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Levamisole-contaminated cocaine: a hairy affair
  1. Tjeerd van der Veer1,
  2. Ed Pennings2,
  3. J W Cohen Tervaert3,4,
  4. Lindy-Anne Korswagen5
  1. 1Department of Internal Medicine, Sint Franciscus Gasthuis, Rotterdam, The Netherlands
  2. 2Department of Toxicology, Maastricht University, Maastricht, The Netherlands
  3. 3SFVG Academy, Sint Franciscus Vlietland Groep, Rotterdam, the Netherlands
  4. 4Clinical and Experimental Immunology, Maastricht University, Maastricht, the Netherlands
  5. 5Department of Rheumatology, Sint Franciscus Gasthuis, Rotterdam, The Netherlands
  1. Correspondence to Tjeerd van der Veer, t.vanderveer{at}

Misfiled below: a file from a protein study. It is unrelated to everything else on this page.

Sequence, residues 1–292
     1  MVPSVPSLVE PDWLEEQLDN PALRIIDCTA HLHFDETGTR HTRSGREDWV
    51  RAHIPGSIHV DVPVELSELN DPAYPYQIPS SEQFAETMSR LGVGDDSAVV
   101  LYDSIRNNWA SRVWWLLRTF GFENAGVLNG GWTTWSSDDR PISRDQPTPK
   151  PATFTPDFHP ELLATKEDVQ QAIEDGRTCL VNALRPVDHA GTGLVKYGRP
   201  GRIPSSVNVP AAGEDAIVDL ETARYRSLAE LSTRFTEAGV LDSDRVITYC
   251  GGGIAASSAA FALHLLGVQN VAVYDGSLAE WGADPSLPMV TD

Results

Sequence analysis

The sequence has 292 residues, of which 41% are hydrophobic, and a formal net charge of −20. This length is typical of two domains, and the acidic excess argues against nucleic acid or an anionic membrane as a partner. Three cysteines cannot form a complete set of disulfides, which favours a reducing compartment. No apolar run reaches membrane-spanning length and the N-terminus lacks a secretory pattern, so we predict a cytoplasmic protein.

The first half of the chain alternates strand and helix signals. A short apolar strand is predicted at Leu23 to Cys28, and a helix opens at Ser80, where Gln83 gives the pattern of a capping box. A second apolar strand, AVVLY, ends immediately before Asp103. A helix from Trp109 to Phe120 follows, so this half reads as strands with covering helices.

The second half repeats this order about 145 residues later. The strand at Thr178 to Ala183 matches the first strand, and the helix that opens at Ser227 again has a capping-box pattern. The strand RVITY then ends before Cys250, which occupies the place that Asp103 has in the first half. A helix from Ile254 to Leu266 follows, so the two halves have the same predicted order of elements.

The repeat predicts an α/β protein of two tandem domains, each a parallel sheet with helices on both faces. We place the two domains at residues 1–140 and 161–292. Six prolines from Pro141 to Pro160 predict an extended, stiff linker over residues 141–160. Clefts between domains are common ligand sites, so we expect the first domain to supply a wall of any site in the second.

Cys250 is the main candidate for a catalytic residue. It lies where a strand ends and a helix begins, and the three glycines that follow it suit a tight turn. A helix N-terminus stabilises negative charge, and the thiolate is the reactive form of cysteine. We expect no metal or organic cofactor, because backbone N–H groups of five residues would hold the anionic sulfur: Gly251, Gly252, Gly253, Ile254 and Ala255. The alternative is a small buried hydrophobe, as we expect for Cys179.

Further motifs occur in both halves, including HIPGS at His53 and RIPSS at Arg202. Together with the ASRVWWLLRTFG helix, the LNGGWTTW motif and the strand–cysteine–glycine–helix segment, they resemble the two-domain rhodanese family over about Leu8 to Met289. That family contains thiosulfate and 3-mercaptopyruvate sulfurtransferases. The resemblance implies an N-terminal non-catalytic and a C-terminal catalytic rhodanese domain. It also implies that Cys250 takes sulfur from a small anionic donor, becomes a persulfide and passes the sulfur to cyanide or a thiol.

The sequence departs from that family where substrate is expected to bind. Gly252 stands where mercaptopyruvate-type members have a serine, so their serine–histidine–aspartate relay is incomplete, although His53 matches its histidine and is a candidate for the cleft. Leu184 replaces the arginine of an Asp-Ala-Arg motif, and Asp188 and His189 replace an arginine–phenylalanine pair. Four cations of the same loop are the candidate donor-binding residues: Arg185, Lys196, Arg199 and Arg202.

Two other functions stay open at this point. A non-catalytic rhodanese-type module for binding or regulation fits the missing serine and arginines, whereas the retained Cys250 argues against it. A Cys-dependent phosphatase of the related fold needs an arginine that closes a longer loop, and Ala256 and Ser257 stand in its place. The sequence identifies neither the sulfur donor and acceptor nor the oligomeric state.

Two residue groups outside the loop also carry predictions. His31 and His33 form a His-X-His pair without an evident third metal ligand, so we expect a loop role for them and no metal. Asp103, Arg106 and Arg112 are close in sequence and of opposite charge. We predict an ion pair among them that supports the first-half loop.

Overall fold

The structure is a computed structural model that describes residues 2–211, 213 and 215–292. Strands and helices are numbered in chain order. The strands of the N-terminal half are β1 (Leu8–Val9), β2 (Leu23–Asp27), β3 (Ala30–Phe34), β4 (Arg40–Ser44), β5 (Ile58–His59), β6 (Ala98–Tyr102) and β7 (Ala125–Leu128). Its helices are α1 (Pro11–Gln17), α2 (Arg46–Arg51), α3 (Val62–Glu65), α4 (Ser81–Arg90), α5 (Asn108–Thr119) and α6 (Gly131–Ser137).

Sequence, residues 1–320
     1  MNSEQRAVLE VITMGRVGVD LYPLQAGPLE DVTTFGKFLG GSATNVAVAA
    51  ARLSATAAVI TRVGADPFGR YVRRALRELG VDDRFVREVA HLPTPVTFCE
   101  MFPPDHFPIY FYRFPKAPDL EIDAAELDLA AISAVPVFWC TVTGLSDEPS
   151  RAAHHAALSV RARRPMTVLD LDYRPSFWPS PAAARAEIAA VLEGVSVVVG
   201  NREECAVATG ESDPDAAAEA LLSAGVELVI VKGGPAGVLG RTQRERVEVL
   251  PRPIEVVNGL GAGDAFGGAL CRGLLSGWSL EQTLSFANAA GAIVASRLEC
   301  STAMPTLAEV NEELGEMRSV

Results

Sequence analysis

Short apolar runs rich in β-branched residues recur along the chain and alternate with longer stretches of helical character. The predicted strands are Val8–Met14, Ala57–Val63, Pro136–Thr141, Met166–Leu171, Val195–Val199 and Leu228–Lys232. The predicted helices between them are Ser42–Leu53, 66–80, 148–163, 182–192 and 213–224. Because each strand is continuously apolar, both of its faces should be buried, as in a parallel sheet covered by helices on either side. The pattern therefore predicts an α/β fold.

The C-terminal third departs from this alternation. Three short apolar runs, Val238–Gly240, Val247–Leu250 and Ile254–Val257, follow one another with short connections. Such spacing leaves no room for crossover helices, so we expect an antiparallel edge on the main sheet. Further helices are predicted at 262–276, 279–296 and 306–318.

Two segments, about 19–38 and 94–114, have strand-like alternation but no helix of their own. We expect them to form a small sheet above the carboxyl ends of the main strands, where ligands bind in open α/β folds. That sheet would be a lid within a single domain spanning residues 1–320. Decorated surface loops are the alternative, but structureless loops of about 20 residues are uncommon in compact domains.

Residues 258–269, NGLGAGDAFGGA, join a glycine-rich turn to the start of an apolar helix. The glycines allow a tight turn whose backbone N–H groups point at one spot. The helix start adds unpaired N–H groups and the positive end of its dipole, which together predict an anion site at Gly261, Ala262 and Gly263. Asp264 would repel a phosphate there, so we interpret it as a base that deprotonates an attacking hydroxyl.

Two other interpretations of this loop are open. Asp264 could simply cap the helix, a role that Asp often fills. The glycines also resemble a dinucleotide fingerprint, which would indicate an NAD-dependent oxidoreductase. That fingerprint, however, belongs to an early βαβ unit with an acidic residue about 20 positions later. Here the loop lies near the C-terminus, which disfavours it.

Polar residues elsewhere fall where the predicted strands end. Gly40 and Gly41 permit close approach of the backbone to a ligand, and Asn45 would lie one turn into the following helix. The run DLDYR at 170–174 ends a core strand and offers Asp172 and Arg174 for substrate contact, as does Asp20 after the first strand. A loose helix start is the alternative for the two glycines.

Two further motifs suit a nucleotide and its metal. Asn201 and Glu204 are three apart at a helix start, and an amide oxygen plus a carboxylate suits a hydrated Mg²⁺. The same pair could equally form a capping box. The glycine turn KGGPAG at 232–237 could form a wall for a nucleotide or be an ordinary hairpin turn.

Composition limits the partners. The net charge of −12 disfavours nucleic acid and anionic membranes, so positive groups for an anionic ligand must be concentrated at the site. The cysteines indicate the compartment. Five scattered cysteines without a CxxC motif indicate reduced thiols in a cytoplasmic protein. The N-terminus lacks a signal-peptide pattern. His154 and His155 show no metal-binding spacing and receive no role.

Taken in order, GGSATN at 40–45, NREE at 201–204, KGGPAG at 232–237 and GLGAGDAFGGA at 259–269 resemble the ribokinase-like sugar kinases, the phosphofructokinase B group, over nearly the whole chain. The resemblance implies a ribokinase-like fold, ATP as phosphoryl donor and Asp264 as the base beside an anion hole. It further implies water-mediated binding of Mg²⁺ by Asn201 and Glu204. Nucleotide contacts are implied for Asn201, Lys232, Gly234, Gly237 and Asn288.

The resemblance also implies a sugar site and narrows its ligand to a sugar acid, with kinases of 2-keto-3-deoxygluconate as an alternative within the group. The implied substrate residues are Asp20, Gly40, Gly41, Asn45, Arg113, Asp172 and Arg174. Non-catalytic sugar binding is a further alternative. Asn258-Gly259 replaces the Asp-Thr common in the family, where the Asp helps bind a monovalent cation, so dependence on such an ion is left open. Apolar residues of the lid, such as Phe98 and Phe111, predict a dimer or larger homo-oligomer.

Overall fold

Levamisole-contaminated cocaine can induce severe systemic vasculitis. The diagnosis can be challenging, especially when substance abuse is uncertain. We present the case of a 42-year-old woman suffering from vasculitis due to levamisole-contaminated cocaine, who persistently denied substance abuse. Symptoms included ulcerating skin lesions, arthralgia and myalgia, and the occurrence of an ileal intussusception. The definitive diagnosis was made using hair testing for toxins. She recovered through cocaine abstinence, but re-exposure resulted in a severe relapse with glomerulonephritis. Importantly, at time of the relapse, the patient became positive for both myeloperoxidase-antineutrophil cytoplasmic antibody (ANCA) and proteinase 3-ANCA. Cocaine–levamisole-induced vasculitis poses a great clinical challenge. The proper diagnostic strategy and therapy is still controversial. We highlight our diagnostic and therapeutic considerations, including hair testing for definitive proof of exposure.

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